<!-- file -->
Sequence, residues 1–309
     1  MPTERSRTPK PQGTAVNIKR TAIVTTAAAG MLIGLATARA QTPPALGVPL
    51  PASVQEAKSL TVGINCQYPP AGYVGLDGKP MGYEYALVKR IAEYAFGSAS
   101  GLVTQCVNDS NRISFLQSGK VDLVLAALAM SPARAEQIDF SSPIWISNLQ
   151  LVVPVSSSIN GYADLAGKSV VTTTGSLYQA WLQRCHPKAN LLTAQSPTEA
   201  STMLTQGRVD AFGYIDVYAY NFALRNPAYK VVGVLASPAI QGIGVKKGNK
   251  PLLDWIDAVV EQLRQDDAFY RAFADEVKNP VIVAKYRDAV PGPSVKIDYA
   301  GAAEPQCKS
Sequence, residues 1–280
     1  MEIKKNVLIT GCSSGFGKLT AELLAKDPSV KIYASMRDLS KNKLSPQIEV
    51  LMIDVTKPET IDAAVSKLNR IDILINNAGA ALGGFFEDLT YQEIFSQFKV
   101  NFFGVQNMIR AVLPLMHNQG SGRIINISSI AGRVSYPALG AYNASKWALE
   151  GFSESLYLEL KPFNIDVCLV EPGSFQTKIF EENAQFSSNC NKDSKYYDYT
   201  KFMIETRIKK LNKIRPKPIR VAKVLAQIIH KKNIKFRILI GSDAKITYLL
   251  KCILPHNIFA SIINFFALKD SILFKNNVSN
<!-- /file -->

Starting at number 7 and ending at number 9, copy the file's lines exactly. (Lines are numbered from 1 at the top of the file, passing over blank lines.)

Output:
   251  PLLDWIDAVV EQLRQDDAFY RAFADEVKNP VIVAKYRDAV PGPSVKIDYA
   301  GAAEPQCKS
Sequence, residues 1–280